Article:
It was a mixed bag for financial markets last week after fresh US inflation data for January came in somewhat higher than expected. Core CPI rose very slightly on a m/m basis, the second such sequential increase, while the m/m change in Core PPI rose for the 4th consecutive time. See the Chart of the Week for a time series.
The moderate uptick in real time inflation data coupled with the extremely strong January NFP report had market participants recalibrating their Fed expectations. After the February 1st rate hike of 25bp, futures markets suggested that only one more such hike would like occur at the March meeting, after which the Fed was expected to pause. Fast forward just two weeks, and futures now suggest that three more 25bp hikes are likely, one in each of March, May, and June. As a result of the shift in expectations for the Fed, bond investors saw rising yields and lower prices for the second week in a row, particularly towards the front end of the curve.
Equities were mixed last week. The Nasdaq outperformed, a rare occurrence with rising rates. Meanwhile, falling oil prices pulled down the energy sector, keeping the Dow flat and pushing the S&P slightly into the red. International markets were mixed as well, with weakness in Chinese stocks pulling E/M benchmarks lower.
Other economic data released last week showed stabilization in housing starts and building permits, and perhaps some cautious optimism (or at least less pessimism) on the part of homebuilders. Unemployment claims remain low, most gauges of manufacturing activity remain weak, and strong retail sales from January suggest the US consumer remains resilient despite inflation.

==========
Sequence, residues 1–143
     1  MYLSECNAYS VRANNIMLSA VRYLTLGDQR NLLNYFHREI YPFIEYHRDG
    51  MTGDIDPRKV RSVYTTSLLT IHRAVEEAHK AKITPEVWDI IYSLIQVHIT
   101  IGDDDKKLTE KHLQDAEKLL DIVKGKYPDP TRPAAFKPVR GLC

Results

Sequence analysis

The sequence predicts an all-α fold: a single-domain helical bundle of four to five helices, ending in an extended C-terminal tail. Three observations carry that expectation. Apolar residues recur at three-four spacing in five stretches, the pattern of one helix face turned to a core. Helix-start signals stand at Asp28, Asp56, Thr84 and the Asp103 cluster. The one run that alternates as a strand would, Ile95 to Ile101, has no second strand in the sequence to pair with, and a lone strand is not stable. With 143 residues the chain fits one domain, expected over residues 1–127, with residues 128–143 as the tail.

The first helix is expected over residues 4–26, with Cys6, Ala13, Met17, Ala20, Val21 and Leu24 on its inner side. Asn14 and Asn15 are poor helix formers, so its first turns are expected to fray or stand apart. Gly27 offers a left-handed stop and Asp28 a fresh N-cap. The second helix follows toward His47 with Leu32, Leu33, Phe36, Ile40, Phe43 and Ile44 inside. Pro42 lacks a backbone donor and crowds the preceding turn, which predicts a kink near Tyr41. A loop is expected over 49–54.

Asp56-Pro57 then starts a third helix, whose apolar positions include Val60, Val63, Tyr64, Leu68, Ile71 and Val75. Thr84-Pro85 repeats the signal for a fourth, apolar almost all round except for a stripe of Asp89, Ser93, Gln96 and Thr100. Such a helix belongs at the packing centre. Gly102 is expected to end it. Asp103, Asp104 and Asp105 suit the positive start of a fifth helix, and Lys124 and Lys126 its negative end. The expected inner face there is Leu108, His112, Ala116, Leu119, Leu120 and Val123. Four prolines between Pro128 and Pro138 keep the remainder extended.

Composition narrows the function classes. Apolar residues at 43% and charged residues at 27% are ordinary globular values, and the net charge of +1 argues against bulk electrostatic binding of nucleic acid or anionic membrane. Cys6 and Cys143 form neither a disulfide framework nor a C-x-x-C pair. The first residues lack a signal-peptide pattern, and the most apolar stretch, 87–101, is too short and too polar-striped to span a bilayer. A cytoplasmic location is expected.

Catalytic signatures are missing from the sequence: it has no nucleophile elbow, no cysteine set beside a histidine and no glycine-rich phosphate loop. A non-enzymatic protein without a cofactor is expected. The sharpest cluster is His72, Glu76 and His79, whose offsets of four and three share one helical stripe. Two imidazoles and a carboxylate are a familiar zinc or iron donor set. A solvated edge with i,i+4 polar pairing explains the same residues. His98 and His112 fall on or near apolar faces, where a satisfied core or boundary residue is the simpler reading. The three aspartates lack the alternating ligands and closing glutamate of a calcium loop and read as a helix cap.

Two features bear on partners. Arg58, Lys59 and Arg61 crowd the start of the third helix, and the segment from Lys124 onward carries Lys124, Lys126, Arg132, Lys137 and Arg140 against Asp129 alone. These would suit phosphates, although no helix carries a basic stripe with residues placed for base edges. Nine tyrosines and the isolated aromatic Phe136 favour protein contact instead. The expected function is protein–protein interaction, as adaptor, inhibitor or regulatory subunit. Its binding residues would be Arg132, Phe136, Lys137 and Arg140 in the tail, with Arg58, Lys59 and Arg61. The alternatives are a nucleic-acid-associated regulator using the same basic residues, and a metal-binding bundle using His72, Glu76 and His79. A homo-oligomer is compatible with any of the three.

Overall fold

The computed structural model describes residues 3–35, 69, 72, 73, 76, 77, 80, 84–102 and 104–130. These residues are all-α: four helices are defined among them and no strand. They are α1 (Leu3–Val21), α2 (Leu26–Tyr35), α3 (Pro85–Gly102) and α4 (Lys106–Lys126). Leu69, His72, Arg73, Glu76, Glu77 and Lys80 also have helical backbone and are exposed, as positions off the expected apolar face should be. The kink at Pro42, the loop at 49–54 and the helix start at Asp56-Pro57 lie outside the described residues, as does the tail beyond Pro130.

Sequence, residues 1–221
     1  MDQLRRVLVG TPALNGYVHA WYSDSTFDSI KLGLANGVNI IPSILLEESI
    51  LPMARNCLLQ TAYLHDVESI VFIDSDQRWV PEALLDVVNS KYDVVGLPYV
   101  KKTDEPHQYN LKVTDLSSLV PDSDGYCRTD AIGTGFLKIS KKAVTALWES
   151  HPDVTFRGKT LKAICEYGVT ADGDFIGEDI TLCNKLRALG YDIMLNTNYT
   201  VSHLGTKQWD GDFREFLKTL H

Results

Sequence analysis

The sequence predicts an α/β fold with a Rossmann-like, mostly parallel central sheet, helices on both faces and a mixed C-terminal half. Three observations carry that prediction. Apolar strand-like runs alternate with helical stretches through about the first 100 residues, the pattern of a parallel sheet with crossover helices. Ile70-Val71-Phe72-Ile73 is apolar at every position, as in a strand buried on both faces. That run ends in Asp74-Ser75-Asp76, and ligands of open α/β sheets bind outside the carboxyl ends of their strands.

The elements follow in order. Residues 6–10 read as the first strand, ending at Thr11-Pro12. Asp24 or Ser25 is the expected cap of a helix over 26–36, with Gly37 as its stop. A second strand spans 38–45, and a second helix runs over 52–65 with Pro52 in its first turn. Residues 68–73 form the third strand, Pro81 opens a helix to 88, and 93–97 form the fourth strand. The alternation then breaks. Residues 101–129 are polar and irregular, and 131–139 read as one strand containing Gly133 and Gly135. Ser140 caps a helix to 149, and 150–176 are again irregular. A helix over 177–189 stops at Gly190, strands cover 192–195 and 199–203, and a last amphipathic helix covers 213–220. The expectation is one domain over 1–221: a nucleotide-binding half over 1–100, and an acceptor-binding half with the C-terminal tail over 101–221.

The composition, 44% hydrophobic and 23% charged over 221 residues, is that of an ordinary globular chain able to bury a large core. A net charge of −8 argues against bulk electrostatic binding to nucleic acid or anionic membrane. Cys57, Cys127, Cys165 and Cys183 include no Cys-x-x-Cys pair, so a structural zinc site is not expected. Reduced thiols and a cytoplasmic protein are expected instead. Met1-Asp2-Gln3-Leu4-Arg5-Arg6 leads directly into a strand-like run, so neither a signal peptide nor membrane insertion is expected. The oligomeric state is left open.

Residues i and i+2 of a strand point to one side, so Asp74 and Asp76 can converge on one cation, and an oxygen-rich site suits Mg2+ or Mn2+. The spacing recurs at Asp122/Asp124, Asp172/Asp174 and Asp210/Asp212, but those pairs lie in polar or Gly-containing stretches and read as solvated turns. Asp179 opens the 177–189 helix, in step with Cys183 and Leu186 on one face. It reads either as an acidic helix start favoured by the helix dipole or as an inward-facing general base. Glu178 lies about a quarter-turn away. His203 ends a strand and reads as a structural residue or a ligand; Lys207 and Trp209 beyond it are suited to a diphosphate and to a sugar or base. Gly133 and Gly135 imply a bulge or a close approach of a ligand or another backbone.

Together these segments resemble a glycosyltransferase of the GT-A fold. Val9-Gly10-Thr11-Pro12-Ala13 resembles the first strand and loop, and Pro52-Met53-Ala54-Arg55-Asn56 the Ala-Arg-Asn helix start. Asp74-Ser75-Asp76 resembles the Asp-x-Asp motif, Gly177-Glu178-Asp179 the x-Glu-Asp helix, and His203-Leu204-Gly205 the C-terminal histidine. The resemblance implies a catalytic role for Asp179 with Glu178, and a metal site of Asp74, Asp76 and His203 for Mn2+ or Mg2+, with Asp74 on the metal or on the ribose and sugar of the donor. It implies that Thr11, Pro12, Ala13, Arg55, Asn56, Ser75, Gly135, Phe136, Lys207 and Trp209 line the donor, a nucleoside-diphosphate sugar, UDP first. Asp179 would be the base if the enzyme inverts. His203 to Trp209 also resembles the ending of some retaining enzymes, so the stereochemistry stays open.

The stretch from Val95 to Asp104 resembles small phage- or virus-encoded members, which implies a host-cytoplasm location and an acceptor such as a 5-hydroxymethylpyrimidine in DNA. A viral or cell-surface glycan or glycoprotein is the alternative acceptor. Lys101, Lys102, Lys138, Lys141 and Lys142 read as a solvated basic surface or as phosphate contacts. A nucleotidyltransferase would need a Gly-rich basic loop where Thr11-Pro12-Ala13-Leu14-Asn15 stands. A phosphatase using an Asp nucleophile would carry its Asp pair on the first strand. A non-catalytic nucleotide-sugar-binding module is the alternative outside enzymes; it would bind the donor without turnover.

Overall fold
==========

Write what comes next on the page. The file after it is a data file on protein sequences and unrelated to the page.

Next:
Albion’s “Four Pillars”
Economy & Earnings
The US economy enjoyed a strong second half of 2022, but corporate operating margins have been gradually falling as labor and input cost pressures bite. Albion’s base case expectation is that the US economy will enter recession in 2023, putting downside pressure on earnings.
The S&P 500’s forward P/E of 18x is above the long run average. More predictive metrics like CAPE, Tobin’s Q, and the Buffett Indicator (Mkt Cap / GDP) suggest that compound annual returns over the next decade are likely to be in the single digits. Most or all of 2022’s P/E multiple compression was driven by rates, rather than an expansion of the equity risk premium.
Rates rose across the curve in 2022 in response to a dramatic pivot in monetary policy. Fed Fund Futures are pricing in a total of four 25bp hikes in 2023, with a “terminal” Fed Funds policy rate slightly above 5% for this cycle.
After reaching 40yr highs in spring of 2022, inflation moderated in the second half of the year. Headline inflation eased over the summer on falling energy prices, and core inflation followed suit in Q4. Goods inflation has fallen due to softening demand and excess inventory, while heavily lagged housing data is one factor keeping reported services inflation elevated, at least for now.